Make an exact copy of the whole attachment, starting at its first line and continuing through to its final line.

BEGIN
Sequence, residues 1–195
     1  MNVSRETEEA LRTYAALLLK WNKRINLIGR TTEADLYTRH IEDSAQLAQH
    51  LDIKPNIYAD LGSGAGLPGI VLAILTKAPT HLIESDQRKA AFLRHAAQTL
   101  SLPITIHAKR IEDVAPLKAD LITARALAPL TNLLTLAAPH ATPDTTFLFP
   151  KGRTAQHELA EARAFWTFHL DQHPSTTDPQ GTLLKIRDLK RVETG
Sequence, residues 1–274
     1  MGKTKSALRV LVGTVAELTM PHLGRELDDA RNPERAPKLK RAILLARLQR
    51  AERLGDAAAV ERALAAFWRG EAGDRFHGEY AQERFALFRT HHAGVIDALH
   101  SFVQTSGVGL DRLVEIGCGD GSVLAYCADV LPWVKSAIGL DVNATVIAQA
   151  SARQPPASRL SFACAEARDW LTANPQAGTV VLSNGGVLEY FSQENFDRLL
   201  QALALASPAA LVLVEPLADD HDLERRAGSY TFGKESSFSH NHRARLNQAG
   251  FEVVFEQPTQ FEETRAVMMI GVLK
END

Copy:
Sequence, residues 1–195
     1  MNVSRETEEA LRTYAALLLK WNKRINLIGR TTEADLYTRH IEDSAQLAQH
    51  LDIKPNIYAD LGSGAGLPGI VLAILTKAPT HLIESDQRKA AFLRHAAQTL
   101  SLPITIHAKR IEDVAPLKAD LITARALAPL TNLLTLAAPH ATPDTTFLFP
   151  KGRTAQHELA EARAFWTFHL DQHPSTTDPQ GTLLKIRDLK RVETG
Sequence, residues 1–274
     1  MGKTKSALRV LVGTVAELTM PHLGRELDDA RNPERAPKLK RAILLARLQR
    51  AERLGDAAAV ERALAAFWRG EAGDRFHGEY AQERFALFRT HHAGVIDALH
   101  SFVQTSGVGL DRLVEIGCGD GSVLAYCADV LPWVKSAIGL DVNATVIAQA
   151  SARQPPASRL SFACAEARDW LTANPQAGTV VLSNGGVLEY FSQENFDRLL
   201  QALALASPAA LVLVEPLADD HDLERRAGSY TFGKESSFSH NHRARLNQAG
   251  FEVVFEQPTQ FEETRAVMMI GVLK